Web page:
FIRST THOUGHT: Women Not Objects
One of my friends, an Army vet, got upset over a commercial the other day. It featured veterans, so I was a little confused. She explained that it was cool to see these badass people on the TV, but she didn’t understand what it had to do with beer. Yep, it was a beer commercial. I’ve started to notice this more and more, haven’t you? Commercials seem and maybe are well-intentioned but then you realize they’re advertising…Botox or bottled water or speedy cash now. Cigarette companies in the ‘20s used slogans like “believe in yourself” to grab customers and in the ‘60s it was marketed as a sign of female liberation and independence. You’re a smart woman, so don’t be swayed by surface-level messaging.
WOMEN IN NUMBERS: 69 percent
Did you miss Lizzo’s epic performance on the VMA Awards stage? The uber-talented singer and performer has been on everyone’s radar for her zero-f’s-given attitude. Her level of self-love is infectious and something we need more of in the mainstream, when we’re constantly comparing ourselves to the latest Instagram influencer. In a study about magazine models, 69 percent of girls admit that they’re inclined to immolate models’ body shape. Just because it’s not on paper doesn’t mean it’s not happening—make sure your scrolling isn’t damaging your self-image, OK?
WOMAN TO WATCH: Madonna Badger, Founder of Badger & Winters
Madonna Badger is behind some of the most popular ads for women as the co-founder of Badger & Winters. Madonna grew up in Newfoundland, Canada and pretty much always wanted to get into advertising. She credits a 1970s Revlon ad for Charlie perfume, which featured confident, seemingly powerful women.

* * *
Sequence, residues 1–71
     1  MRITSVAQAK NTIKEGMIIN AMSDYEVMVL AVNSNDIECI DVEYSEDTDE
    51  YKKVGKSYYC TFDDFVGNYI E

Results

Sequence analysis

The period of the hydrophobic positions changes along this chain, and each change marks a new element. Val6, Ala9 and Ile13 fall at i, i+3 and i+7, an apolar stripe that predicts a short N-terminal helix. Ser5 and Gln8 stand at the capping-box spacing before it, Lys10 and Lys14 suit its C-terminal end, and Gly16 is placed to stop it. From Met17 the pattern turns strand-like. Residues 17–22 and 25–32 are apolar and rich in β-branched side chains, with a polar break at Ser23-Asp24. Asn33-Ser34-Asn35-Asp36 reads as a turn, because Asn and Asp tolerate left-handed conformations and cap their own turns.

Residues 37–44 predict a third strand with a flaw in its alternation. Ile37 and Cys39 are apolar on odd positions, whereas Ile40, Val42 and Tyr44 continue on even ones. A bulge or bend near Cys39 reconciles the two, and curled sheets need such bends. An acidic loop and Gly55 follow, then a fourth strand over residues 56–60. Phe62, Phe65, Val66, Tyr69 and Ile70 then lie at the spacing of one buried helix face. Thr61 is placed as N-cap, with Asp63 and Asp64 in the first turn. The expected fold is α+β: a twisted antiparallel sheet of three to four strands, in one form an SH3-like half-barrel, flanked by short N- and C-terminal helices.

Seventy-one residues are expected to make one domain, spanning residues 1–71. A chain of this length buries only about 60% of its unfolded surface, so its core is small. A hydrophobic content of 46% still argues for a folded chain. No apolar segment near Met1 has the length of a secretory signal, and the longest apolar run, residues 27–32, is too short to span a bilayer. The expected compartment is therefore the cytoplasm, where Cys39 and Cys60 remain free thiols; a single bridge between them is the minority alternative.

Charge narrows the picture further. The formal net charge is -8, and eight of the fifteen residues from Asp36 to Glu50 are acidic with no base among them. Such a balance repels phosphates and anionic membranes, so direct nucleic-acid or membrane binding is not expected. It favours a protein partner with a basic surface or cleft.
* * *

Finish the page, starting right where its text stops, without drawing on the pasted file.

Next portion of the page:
Her dream turned into reality. First stop: Calvin Klein. Madonna worked on campaigns for Marky Mark and Kate Moss, until she left to create her own agency. At the time, she was only 30. Madonna has gone on to make a name for herself as the female empowerment advertising agency.
But Madonna’s story has been marred by devastation. While she and her boyfriend were wrapping presents on Christmas eve, their three children and Madonna’s parents were sleeping upstairs. Then, the house caught fire. Madonna lost her parents and her daughters early Christmas morning. It’s something that has altered her perspective radically, and she admits, it’s something that she didn’t think she’d be able to endure.
But, Madonna did. Since then, she’s been devoted to her career. Madonna says that she’s always been a hard worker and returning to it gave her a sense of dignity. In 2016, Badger & Winters launched the #WomenNotObjects campaign. It started as a YouTube video, displaying the countless ads that consist of sexist undertones or overt objectification.
The video went viral and started a well-needed conversation about the ways in which society sees women. Newsflash: It ain’t good. Part of why Madonna and her business partner set out on this crusade was to call out the advertising agencies, because they do have the power to do better. She says that while women barely make up 10 percent of creative departments, men have the ability to change their messaging today.
So, how does one identify objectification in ads? Madonna uses four filters, as she calls them.
Props: does the woman have a voice or a choice?
Plastic: has the woman been retouched to the point where she reaches an impossible standard of beauty?
Parts: is the woman’s full body being shown or simply a part of her?
What if: if the woman was your mother, your daughter, or you, how would you feel about her representation?
QUITE THE QUOTE
Our Woman to Watch Madonna Badgers said,
“So now I have a new reason to be here, because if I am going to be here, and I am here, then I am going to be here for a reason, I am going to make a difference in this world.”